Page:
Particle accelerators and the beauty of fundamental physics

Teilnehmerbeitrag zur ANSA-Konferenz 2018 von Katharina Kolatzki

Large-scale particle accelerators are among the most complex and most expensive infrastructures ever built by humankind. International teams of scientists use these machines to keep pushing the boundaries of what we know about our universe and what it is made of. In my talk, I gave an overview about the different types of particle accelerators, for example the Large Hadron Collider at CERN. I laid out the fundamentals of how particles get accelerated and how scientists make use of them.

Bringing together people from all over the world to understand our universe

Additionally, I gave a brief introduction into my own specific field of research. My colleagues and me investigate the interaction between atomic clusters and intense light pulses. These light pulses are generated from accelerated electrons. For our experiments, we often travel to one of the few of such light sources that are spread all over the world. The goal of our fundamental research is to enable the live filming of very small free flying particles, e.g. an evolving protein structure.

Einstein’s famous formula and overcoming the fear of physics

Being in the field of experimental atomic and laser physics, I am quite familiar with certain reactions from people. On one hand, they are amazed and in awe of the questions of fundamental physics. But on the other hand, many people approach me with the firm conviction that they will just not understand anything at all.  Therefore, occasions like my talk at the ANSA conference in Halle always excite me: They give me a chance to eliminate a few of those fears and present my research to a diverse audience. And indeed: Those who attended my talk engaged in a very interesting and educating conversation with me. After one curious question, I even got to briefly explain one of the most famous formulas of physics: Einstein’s E = mc², which sets a direct relation between a particle’s energy and its mass. Although this is such a famous formula, I hardly ever come across it in my research. Still, it shows how something quite complex can be summarized in a rather simple equation. This endeavor to find simple beauty in our complex universe is what keeps me motivated in my work. I hope that with my talk, I could share this fascination and joy with the audience!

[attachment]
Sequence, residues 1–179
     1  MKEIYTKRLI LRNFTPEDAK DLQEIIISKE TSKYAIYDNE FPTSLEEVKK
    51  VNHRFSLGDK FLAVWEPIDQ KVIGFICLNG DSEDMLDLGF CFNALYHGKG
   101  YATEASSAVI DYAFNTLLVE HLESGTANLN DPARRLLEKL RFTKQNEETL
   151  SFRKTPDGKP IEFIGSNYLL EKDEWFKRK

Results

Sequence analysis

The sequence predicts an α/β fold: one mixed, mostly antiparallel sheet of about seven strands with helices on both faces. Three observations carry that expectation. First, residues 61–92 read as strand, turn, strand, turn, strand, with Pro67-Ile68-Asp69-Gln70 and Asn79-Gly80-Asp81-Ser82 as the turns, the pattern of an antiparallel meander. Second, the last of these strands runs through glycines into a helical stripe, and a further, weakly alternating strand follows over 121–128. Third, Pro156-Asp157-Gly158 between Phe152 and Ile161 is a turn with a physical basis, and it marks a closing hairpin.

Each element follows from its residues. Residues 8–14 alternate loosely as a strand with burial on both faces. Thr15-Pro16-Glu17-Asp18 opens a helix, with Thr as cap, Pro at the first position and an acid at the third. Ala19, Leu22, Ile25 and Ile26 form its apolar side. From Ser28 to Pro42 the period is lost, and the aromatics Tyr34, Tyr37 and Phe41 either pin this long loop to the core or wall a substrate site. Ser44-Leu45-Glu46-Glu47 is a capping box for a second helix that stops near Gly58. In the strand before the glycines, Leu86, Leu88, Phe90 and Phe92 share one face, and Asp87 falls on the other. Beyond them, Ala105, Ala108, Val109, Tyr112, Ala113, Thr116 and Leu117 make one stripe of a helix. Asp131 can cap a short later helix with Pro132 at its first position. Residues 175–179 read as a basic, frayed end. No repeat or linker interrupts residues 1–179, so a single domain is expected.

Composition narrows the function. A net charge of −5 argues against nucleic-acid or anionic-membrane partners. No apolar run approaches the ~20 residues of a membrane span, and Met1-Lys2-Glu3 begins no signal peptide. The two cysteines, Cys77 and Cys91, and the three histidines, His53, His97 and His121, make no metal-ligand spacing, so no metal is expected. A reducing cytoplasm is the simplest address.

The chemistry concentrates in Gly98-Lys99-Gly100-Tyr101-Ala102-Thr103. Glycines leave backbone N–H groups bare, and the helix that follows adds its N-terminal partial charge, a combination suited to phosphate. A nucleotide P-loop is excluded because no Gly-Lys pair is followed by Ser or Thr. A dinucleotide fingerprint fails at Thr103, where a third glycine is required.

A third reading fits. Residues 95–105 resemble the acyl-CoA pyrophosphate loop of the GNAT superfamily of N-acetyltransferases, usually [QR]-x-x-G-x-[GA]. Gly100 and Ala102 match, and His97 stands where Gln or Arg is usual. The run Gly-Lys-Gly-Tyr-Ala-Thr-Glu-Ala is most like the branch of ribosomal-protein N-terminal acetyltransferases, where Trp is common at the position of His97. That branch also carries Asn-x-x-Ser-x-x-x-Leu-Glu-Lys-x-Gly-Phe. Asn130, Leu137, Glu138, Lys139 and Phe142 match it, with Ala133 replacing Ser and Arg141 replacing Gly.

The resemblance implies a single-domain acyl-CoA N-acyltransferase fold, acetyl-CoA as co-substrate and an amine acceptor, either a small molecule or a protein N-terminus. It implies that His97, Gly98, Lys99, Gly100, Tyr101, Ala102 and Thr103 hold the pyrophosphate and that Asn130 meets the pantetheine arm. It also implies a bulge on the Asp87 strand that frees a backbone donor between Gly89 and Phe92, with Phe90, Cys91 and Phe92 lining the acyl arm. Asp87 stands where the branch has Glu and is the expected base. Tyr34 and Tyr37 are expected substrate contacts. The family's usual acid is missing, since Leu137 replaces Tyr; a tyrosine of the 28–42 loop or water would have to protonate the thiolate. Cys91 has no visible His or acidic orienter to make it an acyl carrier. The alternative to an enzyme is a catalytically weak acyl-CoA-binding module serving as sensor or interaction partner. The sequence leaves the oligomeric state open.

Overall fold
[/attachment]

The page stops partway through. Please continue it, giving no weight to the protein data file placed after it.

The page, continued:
Katharina Kolatzki wurde in Deutschland geboren und ist u.a. bei Bremen und in Braunschweig aufgewachsen. Sie hat Physik in Berlin studiert und während ihres Bachelors zwei Semester in Kenia verbracht. Aktuell lebt sie wieder in Berlin und schließt ihr Masterstudium in Experimentalphysik ab. Sie ist seit 2016 ANSA-Mitglied.